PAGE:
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A Savage War of Peace: Algeria 1954-1962 (New York Review Books Classics) Paperback – October 10, 2006

4.6 out of 5 stars 101 customer reviews

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Editorial Reviews

Review

“He brings a long historical perspective and six decades of experience to bear on the affairs of the day.” –Salon.com

"First the Pentagon plugged the movie, now President Bush is reading the book...A Savage War of Peace, British historian Alistair Horne's celebrated 1977 account of the [Algerian] war...Former U.S. Secretary of State Henry Kissinger, who recommended A Savage War of Peace to Bush, said recently on PBS' Charlie Rose Show that he did not believe 'that the French experience could be applied precisely to the United States. But I thought there were enough similarities and enough complexities and enough tragedy for the president to gain a perspective on his own period.'" —Associated Press

"Anyone interested in Iraq should read this book immediately." —Thomas Ricks, The Washington Post

“[Horne’s] tome is so well written it reads more like a novel but is, in fact, a work of superior historical narrative…There are few historical works that provide so comprehensive a treatment of revolutionary and counterinsurgency warfare, domestic and international politics, and economics and ideology.” –Marine Corps Gazette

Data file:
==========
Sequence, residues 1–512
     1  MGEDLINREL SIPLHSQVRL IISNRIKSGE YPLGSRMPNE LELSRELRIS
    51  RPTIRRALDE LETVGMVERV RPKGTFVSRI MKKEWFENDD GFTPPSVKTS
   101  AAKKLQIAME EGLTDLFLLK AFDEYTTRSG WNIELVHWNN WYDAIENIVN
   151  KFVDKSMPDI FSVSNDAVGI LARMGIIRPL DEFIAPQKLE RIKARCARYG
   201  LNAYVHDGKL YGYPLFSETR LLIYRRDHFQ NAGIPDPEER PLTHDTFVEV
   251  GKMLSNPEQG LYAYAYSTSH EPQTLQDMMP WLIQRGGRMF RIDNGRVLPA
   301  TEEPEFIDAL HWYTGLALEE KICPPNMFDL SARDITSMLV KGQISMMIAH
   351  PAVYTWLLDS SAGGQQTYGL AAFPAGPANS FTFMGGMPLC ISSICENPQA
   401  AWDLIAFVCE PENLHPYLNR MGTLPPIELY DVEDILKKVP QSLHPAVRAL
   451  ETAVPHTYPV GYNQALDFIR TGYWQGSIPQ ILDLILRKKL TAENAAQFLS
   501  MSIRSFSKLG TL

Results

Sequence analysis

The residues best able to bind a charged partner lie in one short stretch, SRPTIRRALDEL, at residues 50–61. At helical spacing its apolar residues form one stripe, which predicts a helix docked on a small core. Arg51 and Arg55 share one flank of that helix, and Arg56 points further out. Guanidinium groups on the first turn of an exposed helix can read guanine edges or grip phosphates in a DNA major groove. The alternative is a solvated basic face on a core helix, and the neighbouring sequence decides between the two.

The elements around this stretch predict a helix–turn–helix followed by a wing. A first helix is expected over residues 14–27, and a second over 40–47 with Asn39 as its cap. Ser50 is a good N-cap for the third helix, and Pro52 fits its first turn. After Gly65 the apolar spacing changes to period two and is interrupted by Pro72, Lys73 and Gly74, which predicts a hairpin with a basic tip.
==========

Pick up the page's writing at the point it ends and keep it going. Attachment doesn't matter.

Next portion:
“When Horne’s book first appeared, it seemed to be an account of one major, but now largely closed, chapter in the history of postwar decolonization. Subsequent developments–in Algeria and elsewhere–have made the past prologue. [It] has become a de facto textbook for American Military officers facing time in Iraq...” —Scott McLemee, Inside Higher Ed

“This thirty-year-old history, written before the Iranian revolution, the Algerian civil war, and Al Qaeda, captures a contingent moment in the conflict between the West and the Arab world, when present-day dogmas were hardly imagined by most. It provides a much needed reminder that modern history is not made by the ‘clash of civilizations’ but by people.” —Harper’s Magazine

"The present conflict in the Middle East is frighteningly similar, making this book a good volume to have on library shelves. Horne provides a new preface."—Library Journal (Classic Returns)

"[T]he read of choice for many U.S. military officers serving in Iraq...[this] universally acclaimed history...should have been mandatory reading for the civilian and military leaders who opted to invade Iraq" —The Washington Times

“There is enough to make this the most complete history of the Algerian war yet written, one which will be indispensable for future historians. It is compelling reading, filled with intimate detail about characters and situations that have served as inspiration for a dozen novels from The Day of the Jackal on.” The Los Angeles Times

A “highly readable, toughly edited history that blends the pace and sweep of a work of fiction with a relentless pursuit of every main actor still alive and willing to talk about the war.”–The Washington Post Book World

“Alistair Horne is one of the best writers of history in the English speaking world. A Savage War of Peace shows him at the peak of his powers."–The Financial Times